jig-saw puz-zl (jĭg‘sô‘)
–noun; also called picture puzzle: a set of irregularly cut pieces that form a picture or design when fitted together; a form that has interlocking pieces in order that they stay together to form a specified pattern; English mapmaker and engraver, John Spilsbury, invented the jigsaw puzzle in 1767; it was a map of the world.
Can we afford not to BE our piece in the puzzle?
At Scholars Together this year we have been learning from a jigsaw puzzle, one we created with each of our names decorated on a separate piece. It continues to teach us, to be a practical metaphor for the importance of being just who each of us IS, was meant to be…that we matter to a group….in our individual families, learning communities, and in the world. We are finding that there are skills for working independently and others for working in a group, AS a group. These are some of the things we have been learning as we put our own puzzle pieces together each day when we come together as a group…reminding us that we ARE a group.
Scholars, I hope I have accurately captured your messages as you relayed them, as I didn’t write them all down…come forward if there is something you would like to change or add.
Eren: Each puzzle piece is different…when you look closely, no two are exactly the same…just like us!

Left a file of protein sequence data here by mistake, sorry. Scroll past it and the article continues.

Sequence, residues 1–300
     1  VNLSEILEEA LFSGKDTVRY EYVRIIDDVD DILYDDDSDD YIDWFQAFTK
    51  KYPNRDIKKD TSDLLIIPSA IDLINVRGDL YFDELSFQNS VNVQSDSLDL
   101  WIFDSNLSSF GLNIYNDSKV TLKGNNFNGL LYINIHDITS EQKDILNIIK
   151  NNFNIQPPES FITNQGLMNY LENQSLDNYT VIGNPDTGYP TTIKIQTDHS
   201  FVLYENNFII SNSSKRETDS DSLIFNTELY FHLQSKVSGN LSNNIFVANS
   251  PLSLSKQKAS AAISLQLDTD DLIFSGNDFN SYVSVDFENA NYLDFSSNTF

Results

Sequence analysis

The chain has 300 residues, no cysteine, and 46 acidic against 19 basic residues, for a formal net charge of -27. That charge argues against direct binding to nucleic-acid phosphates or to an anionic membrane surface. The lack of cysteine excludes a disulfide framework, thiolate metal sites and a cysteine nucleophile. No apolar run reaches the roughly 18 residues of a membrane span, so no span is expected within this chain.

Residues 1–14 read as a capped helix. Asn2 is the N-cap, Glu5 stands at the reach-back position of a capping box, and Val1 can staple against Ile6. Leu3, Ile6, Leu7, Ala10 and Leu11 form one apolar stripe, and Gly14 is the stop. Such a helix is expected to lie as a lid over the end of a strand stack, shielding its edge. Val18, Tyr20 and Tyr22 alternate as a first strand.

Liz: Each of us is an individual, just like each puzzle piece. No other piece can fit into the place where my puzzle piece fits…just like no one else can do exactly what I do, in the way that I do…we are ALL needed. We don’t have to be in competition with each other. There is the perfect place for each of us to be who we are, to do what we were meant to do.
Isaac: When putting our puzzle together, we need to take a look at who our puzzle partners are…what goes next to each piece. How do the pieces interlock and fit together? When we work in a group we need to notice what is going on around us. How are we interacting with each other…how can we fit together? What are each person’s talents and struggles so that we can use them to work together? Now, when I am putting my puzzle piece in our puzzle, I know exactly how it fits into the other three that are around mine and I can put it in correctly quite quickly. I am working on doing that more effectively with the people around me. That is my current challenge and opportunity.
Leyla: We need the puzzle pieces on either side of our own in order to connect to the group. We NEED each other. We each need to participate in order for our group to work, for our puzzle to show its complete picture. If one or two of the puzzle pieces are disconnected, it affects the whole puzzle. If one or two group members are disconnected, not paying attention, or participating…it affects everyone in the group. When everyone is connected it feels good, our picture is complete.
Reese: Just as when a puzzle piece is missing from the puzzle and it is very noticeable, when one of us is missing it is also very noticeable. We have to find ways of filling in for someone who isn’t there…when they couldn’t be with us on that day or when they are here but not paying attention. Our group isn’t as strong or doesn’t feel complete… we all have to do a little bit more because we don’t have that person. But I know there are some times when we all just have to pitch in and do some extra work until the person comes back to our group.